Three Different Types of Weiss Ratings
We provide three types of ratings:
Weiss Investment Ratings
These ratings onstocks, ETFs and mutual funds are in the same realm as “Buy,” “Sell” and “Hold” ratings. They are designed to help safety-seeking investors make more informed decisions. When using our investment ratings, you should always remember that, by definition, all investments involve some element of risk.
See full details of investment ratings and definitions here.
Weiss Crypto Ratings
These ratings on Level 1, Level 2 and Level 3 coins and tokens are designed to help investors and users make more informed decisions with the goal of maximizing gains or benefits and minimizing risk. Since most crypto assets are new and experimental, they often tend to be more volatile than other asset classes.
See full details of crypto ratings and definitions here.
Weiss Safety Ratings
These ratings on banks, credit unions and insurance companies are similar in purpose to credit ratings, designed to help consumers find the best institutions to entrust with their savings, retirement funds or insurance premiums. The higher the rating, the more likely the institution will remain financially stable or strong in good times or bad.
See full details of safety ratings and definitions here.
Some financial institutions receive both Weiss Investment Ratings and Weiss Safety Ratings.
- As common stocks: The shares of their holding companies, traded on major exchanges, receive a Weiss Investment Rating.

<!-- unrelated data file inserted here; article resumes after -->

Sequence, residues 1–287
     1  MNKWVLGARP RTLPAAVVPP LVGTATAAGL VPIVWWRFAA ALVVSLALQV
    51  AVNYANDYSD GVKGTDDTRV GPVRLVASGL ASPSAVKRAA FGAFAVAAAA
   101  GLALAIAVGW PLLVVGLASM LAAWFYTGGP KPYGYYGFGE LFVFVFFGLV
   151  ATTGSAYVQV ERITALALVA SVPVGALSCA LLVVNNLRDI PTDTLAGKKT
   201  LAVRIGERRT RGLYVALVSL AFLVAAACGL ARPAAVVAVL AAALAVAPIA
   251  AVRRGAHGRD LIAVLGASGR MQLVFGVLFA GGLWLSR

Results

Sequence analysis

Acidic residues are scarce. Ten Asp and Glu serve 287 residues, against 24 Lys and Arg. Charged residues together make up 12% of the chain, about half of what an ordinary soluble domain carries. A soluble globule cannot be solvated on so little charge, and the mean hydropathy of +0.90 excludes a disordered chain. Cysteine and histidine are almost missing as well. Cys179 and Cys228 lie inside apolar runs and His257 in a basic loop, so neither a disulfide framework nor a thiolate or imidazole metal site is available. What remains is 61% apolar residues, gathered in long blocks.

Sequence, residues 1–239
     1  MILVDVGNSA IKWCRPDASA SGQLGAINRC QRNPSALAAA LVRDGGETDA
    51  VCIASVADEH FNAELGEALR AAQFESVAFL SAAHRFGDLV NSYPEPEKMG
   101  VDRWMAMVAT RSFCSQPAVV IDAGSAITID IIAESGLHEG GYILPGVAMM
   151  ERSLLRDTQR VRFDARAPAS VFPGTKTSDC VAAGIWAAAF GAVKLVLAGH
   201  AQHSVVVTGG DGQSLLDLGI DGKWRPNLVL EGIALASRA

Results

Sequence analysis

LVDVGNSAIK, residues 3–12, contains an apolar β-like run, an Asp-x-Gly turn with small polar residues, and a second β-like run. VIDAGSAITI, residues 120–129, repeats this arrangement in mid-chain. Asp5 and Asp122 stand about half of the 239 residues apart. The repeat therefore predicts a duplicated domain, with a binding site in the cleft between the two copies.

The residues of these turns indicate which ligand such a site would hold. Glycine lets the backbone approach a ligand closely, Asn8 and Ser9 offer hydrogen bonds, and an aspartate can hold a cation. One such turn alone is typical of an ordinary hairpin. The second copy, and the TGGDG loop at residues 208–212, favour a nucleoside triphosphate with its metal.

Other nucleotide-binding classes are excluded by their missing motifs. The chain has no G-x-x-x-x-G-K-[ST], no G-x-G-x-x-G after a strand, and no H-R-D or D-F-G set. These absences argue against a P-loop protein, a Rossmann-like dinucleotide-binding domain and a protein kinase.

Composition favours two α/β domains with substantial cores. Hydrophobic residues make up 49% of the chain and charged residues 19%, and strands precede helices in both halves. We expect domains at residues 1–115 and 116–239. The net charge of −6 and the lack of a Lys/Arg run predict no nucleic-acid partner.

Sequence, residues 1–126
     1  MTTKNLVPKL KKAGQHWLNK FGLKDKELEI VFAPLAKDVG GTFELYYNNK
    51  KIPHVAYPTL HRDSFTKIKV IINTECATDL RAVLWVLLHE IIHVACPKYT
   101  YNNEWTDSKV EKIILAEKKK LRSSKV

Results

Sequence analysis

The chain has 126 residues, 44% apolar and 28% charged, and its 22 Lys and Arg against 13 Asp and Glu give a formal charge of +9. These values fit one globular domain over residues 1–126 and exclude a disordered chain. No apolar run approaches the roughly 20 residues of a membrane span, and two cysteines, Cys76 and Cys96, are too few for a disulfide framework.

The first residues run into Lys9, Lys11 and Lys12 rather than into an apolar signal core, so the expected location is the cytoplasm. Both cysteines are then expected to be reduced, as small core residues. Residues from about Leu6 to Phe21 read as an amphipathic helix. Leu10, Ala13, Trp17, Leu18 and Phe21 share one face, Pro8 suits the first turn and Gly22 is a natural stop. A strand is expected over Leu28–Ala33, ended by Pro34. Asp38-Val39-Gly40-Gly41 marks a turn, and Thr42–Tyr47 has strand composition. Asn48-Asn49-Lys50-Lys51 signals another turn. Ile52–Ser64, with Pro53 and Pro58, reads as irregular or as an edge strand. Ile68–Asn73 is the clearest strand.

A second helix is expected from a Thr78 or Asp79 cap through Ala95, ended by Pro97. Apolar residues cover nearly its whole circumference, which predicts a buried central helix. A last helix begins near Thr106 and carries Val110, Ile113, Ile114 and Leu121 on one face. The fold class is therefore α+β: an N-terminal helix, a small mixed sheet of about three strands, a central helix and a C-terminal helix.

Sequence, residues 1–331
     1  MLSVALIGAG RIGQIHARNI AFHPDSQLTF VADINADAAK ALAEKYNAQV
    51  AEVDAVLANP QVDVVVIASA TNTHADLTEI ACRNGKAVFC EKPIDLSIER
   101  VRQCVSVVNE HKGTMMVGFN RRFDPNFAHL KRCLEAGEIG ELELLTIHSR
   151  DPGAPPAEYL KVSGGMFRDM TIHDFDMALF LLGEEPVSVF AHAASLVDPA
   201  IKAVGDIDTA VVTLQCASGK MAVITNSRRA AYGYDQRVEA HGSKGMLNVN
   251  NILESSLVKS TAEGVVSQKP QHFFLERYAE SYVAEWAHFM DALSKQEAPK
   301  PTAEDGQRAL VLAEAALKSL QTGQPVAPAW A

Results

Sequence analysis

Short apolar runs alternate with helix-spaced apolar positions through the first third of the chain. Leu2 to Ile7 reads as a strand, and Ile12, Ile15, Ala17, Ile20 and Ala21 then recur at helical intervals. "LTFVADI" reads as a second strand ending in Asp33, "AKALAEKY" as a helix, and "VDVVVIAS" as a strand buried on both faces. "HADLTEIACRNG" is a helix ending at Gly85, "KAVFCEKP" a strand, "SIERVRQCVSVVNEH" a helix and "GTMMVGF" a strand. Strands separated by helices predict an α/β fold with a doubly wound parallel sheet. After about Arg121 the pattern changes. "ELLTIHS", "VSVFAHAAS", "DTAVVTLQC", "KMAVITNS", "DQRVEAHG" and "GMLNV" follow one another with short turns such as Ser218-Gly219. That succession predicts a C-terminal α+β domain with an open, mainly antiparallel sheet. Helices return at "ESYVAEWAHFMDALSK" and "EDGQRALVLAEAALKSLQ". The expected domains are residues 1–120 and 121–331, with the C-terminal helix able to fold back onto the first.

- As financial institutions: Their financial viability, which can affect the security of deposits or insurance policies, receive a Weiss Safety Rating.
With JPMorgan Chase, for example, investors could view information about JPM shares, which trade on the New York Stock Exchange. At the same time, depositors or potential depositors could view JPMorgan’s bank safety rating.
These are two entirely different destinations for your money. As such, they merit entirely different kinds of ratings:
- When deciding to buy, sell, hold or avoid their shares, refer to the Weiss Investment Rating.
- When shopping for savings or checking accounts, refer to the Weiss Safety Rating.
The same holds true for insurance companies. For their shares, refer to the Weiss Investment Rating. For their insurance policies, refer to the Weiss Safety Rating.
What Does Each Letter Grade Mean?
All three types of Weiss Ratings — Investment Ratings (for stocks, ETFs and mutual funds), Crypto Ratings (for cryptocurrency coins and tokens) and Weiss Safety Ratings (for banks, credit unions and insurers) — use the same grade scale, as follows:
A = excellent
B = good
C = fair
D = weak
E = very weak
Plus sign (+): upper third of each grade
Minus sign (-): lower third of each grade
In addition, in certain industries, we may also use “F” for “Failed” and “U” for “Unrated” due to insufficient data.